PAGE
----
WORLD  BANK,  IFC  MULL  PESO  BONDS

MANILA, JULY 31, 2007
(STAR) By Iris C. Gonzales - The World Bank and its private sector investment arm, the International Finance Corp. (IFC) are planning to issue peso-denominated bonds to help raise funds for lending to the Philippine government, a ranking official said yesterday.

Finance Undersecretary and Acting National Treasurer Roberto Tan said these types of bonds are very attractive to investors.

“It’s a very attractive investment for investors. The market is good for an issuance,” Tan told reporters. World Bank and IFC, however, are still finalizing the amount as well as the final date of issuance.

The World Bank, officially known as the International Bank for Reconstruction and Development (IBRD), has been issuing debt securities in the international capital markets for 60 years.

These debt issues are the funding source for development loans and have provided financing for more than 4,000 development projects in over 130 countries.

This developed as the government and the World Bank agreed on Friday to implement new approaches to lending and address implementation bottlenecks of program loans.

In a statement yesterday, Maryse Gautier, World Bank portfolio and operations manager and acting country director for the Philippines, said that new lending approaches and innovations in projects are expected to continue to improve the quality of World Bank assistance to the Philippines.

She cited innovative approaches such as school-based management, wherein various stakeholders are deeply involved in improving schools and which contributed to enhancing student learning outcomes.

The World Bank said that at 15.2 percent, loan disbursement rate for fiscal year 2007 has been slower than in fiscal year 2006 and is below the 20 percent target for the year.

However, actual amounts disbursed at $137.2 million are almost the same as in fiscal year 2006 with $138.8 million, the bank said.

“The slow disbursement is attributed mainly to issues linked to insufficient level of readiness, complex project design, slow progress in policy reforms on which the release of loans is hinged, and delays in budget approval and/or release by the government. Loan disbursement is nonetheless expected to pick up for fiscal year 2008 with planned disbursement increasing by 31 percent, mostly from national program support operations meant to support government reform agenda in key sectors,” the World Bank also said.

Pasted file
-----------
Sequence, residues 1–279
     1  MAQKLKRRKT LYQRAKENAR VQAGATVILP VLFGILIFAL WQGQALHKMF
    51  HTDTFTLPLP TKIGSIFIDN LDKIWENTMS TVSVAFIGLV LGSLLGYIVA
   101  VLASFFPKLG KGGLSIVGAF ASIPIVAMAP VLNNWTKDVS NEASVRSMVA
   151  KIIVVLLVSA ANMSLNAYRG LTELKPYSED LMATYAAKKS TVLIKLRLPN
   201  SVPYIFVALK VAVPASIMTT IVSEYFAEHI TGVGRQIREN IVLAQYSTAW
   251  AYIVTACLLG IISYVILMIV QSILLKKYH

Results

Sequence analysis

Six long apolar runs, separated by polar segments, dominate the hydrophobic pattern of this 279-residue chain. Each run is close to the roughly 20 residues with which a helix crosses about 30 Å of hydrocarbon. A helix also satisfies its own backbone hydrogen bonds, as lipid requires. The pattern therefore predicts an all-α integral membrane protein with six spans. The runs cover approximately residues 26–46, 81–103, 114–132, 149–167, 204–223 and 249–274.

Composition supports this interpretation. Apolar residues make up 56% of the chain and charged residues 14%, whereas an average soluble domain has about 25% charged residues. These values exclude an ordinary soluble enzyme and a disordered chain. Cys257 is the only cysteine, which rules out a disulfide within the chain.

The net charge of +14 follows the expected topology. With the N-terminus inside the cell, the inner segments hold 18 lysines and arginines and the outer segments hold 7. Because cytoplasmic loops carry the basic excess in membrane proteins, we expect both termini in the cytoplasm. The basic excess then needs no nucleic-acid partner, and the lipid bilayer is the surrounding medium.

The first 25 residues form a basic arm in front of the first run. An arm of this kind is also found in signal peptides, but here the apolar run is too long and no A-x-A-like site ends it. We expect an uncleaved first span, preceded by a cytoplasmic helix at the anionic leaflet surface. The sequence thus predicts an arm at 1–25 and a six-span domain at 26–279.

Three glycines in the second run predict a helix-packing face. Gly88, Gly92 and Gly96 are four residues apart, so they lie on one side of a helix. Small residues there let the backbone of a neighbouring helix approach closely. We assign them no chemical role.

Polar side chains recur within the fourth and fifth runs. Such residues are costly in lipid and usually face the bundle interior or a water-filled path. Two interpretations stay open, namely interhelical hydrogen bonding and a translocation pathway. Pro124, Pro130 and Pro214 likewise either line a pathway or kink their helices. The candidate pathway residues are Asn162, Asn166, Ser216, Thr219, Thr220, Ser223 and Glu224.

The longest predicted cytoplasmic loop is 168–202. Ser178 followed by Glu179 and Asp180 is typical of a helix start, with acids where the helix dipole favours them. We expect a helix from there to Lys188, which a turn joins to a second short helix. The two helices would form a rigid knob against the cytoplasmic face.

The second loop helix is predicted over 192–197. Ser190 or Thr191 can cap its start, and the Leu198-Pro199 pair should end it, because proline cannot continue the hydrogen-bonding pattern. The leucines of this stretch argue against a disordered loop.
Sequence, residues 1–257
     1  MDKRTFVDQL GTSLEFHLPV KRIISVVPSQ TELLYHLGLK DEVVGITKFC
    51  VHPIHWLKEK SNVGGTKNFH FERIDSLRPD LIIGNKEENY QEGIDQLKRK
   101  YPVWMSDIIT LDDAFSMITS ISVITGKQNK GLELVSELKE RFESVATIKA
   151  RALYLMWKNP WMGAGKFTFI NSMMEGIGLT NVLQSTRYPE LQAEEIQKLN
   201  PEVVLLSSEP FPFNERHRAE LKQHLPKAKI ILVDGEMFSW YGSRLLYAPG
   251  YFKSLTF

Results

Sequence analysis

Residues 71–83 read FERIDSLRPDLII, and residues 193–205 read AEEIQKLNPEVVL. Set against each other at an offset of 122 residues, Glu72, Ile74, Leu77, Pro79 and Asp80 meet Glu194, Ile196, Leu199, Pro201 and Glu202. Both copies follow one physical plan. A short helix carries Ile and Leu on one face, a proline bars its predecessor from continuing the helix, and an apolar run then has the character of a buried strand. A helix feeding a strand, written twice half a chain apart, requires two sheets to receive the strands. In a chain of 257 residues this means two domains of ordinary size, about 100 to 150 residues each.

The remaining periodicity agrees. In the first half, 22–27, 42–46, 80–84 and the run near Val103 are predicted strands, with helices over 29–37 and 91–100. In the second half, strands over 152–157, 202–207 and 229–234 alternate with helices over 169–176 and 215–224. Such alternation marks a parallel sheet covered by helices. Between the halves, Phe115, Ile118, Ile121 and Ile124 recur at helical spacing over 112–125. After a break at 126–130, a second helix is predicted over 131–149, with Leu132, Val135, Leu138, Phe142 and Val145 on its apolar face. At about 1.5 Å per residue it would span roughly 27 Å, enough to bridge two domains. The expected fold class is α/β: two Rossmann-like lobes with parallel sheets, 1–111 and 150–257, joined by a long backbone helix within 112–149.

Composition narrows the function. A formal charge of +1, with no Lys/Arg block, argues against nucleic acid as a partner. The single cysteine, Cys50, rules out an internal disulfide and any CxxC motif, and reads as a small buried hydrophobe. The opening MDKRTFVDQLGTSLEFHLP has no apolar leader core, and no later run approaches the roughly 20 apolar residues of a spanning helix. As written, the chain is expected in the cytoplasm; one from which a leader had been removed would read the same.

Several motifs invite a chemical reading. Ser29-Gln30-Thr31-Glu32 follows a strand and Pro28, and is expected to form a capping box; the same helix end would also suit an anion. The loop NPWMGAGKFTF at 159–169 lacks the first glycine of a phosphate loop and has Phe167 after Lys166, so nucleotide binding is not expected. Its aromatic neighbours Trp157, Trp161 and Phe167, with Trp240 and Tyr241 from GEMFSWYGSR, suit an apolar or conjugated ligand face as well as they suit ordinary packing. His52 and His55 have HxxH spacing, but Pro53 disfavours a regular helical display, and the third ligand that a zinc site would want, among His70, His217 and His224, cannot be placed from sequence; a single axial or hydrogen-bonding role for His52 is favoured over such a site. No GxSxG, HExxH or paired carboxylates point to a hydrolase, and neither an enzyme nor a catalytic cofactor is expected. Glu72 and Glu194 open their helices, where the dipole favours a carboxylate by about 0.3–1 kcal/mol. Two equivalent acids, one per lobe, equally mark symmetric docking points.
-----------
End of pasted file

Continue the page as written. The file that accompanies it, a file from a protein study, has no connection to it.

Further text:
Tan, for his part, emphasized the importance of working together to harmonize efforts among development partners and to strengthen and simplify business processes. He said that various donor programs are now increasingly coordinated in support of the reform programs of key agencies like the Departments of Education and Health, as well as the Bureau of Internal Revenue.

The Philippines has been a major beneficiary of these program loans. Last year, for instance, the World Bank extended a $250 million program loan to the government for budgetary support.

Similarly, the Asian Development Bank (ADB) has issued P2.5 billion worth of peso-denominated bonds last year as part of a P5-billion package. Proceeds of the debt issuance were also used to extend program loans to the Philippines.

The remaining P2.5 billion would be issued this year, officials have said.

Faced with a swelling budget deficit, the Philippines relies heavily on foreign and domestic borrowings to support its budgetary needs.


Chief News Editor: Sol Jose Vanzi

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